This classic family film is a touching tale. The scene when Jim returns, as Travis and his friend Lisbeth are burying Old Yeller, is particularly meaningful. Jim tells him that the loss of Yeller is "not a thing you can forget. Maybe not a thing you want to forget. ... Now and then, for no good reason a man can figure out, life will just haul off and knock him flat. … I'll tell you a trick that's sometimes a big help. Start looking around for something good to take the place of the bad."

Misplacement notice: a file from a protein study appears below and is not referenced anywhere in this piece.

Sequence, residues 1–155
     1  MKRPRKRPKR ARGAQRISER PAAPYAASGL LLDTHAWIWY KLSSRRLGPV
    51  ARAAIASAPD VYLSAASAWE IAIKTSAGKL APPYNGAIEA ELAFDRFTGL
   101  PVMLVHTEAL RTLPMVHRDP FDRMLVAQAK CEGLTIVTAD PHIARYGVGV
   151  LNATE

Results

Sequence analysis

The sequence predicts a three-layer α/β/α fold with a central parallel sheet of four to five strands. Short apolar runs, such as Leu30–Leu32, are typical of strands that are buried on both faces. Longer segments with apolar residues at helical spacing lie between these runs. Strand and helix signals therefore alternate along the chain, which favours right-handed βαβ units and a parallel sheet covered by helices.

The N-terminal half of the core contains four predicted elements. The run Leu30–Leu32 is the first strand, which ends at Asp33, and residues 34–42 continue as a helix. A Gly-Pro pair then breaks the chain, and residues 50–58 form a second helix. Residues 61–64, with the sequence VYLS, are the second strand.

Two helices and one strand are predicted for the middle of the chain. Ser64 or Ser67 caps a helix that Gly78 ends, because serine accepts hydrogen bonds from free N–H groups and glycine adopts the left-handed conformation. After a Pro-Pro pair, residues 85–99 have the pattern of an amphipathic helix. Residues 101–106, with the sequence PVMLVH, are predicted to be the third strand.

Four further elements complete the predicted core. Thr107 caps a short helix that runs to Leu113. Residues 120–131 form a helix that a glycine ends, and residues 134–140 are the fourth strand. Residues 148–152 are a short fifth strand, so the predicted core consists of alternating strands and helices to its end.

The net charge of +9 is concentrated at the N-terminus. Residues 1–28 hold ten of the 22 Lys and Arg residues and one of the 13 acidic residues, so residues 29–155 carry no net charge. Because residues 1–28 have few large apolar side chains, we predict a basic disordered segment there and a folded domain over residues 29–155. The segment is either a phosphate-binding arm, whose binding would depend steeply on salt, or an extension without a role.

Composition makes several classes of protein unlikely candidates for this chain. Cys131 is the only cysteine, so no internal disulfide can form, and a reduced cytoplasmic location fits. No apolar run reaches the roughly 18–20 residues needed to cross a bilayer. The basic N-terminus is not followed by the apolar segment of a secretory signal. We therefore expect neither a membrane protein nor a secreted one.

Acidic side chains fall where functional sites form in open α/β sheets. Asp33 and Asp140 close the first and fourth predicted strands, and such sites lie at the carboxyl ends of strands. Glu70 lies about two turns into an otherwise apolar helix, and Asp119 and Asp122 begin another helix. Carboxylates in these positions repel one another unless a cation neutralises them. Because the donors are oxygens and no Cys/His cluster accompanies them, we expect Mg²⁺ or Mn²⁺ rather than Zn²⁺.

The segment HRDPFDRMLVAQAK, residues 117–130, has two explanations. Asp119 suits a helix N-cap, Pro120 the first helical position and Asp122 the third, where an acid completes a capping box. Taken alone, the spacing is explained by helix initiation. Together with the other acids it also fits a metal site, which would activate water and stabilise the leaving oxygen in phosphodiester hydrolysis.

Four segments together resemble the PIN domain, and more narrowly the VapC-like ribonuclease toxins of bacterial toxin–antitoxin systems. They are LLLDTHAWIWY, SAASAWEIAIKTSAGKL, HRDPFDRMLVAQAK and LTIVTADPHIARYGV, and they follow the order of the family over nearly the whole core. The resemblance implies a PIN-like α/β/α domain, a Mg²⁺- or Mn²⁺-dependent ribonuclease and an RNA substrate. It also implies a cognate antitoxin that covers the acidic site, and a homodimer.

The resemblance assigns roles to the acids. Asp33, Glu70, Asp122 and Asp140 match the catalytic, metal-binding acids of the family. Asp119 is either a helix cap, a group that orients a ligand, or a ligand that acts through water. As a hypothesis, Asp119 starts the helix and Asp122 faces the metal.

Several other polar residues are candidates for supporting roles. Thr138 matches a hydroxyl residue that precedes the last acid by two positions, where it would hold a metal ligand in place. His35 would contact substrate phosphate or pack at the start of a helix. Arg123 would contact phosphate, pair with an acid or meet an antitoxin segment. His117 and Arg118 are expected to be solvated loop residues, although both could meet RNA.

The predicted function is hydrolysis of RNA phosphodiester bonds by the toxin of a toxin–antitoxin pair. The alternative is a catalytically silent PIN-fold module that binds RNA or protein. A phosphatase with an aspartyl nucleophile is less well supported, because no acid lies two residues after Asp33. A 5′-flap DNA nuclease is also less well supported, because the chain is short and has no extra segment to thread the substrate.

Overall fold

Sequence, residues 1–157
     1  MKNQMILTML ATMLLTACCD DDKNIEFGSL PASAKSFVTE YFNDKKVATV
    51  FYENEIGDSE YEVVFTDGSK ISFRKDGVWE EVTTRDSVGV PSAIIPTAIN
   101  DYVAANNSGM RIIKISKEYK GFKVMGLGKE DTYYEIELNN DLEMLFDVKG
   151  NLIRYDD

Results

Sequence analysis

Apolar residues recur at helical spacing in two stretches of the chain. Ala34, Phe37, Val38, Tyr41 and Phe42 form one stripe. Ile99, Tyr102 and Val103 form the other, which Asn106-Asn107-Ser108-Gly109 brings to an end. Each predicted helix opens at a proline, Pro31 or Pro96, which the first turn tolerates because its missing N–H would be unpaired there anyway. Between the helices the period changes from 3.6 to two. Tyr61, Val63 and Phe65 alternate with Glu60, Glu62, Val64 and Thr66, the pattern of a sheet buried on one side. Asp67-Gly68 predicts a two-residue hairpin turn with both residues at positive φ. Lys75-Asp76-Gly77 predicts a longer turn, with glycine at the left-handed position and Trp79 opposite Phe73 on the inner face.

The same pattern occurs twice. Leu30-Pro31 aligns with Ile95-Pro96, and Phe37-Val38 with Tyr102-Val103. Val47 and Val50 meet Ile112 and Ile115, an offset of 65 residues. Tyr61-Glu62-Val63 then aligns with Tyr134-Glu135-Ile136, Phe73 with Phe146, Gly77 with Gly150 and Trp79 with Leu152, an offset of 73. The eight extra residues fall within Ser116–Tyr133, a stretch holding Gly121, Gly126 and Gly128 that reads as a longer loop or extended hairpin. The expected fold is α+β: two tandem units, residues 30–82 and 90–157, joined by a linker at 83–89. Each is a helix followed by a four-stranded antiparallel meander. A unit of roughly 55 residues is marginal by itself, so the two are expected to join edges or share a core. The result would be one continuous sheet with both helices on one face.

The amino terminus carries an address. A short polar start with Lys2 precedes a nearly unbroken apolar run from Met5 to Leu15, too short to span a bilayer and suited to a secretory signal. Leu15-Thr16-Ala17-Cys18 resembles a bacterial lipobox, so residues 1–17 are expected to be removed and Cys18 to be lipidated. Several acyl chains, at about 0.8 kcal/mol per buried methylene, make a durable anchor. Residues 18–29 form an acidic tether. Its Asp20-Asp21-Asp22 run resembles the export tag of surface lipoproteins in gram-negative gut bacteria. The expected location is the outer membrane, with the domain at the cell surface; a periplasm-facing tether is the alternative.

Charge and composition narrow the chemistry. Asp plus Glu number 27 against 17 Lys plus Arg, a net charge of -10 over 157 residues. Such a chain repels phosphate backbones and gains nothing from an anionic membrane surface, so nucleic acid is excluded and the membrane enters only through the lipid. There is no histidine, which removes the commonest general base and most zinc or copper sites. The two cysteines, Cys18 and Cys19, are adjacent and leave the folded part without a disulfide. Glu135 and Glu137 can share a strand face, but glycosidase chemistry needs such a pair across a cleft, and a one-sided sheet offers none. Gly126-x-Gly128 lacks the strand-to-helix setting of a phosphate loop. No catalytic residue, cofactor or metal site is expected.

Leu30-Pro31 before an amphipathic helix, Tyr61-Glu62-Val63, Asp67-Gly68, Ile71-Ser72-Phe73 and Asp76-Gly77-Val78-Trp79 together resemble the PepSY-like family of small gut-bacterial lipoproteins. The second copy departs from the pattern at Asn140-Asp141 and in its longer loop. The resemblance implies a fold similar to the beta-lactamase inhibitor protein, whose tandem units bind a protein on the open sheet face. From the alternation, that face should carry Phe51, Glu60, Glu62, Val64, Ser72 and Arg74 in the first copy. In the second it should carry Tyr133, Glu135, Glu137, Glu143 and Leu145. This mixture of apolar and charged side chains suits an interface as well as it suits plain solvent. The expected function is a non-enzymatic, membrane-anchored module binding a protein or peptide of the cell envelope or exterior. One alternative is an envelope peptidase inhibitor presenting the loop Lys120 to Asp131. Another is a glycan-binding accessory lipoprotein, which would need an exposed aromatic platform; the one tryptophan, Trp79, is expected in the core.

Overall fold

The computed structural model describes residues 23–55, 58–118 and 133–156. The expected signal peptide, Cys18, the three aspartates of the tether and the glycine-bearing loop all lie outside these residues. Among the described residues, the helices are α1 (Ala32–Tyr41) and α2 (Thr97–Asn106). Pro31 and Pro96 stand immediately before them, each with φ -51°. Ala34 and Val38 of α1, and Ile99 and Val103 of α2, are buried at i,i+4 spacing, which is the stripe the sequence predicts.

Jim's talk with Travis is a model of parental wisdom, understanding, and patience. He accepts and validates Travis' feelings completely, and does not try to minimize or talk him out of them. (Contrast that with Lisbeth, who tries to comfort Travis by encouraging him to "come to like the pup.") Instead of telling him what to do, he says, "I'll tell you a trick that's sometimes a big help," letting him decide for himself whether to take the advice. Travis was not just reluctant to adopt Old Yeller at first -- he was downright hostile because of the loss of his first dog, Belle. That, at the end of the movie, he is able to accept Young Yeller more easily shows how much he has grown up.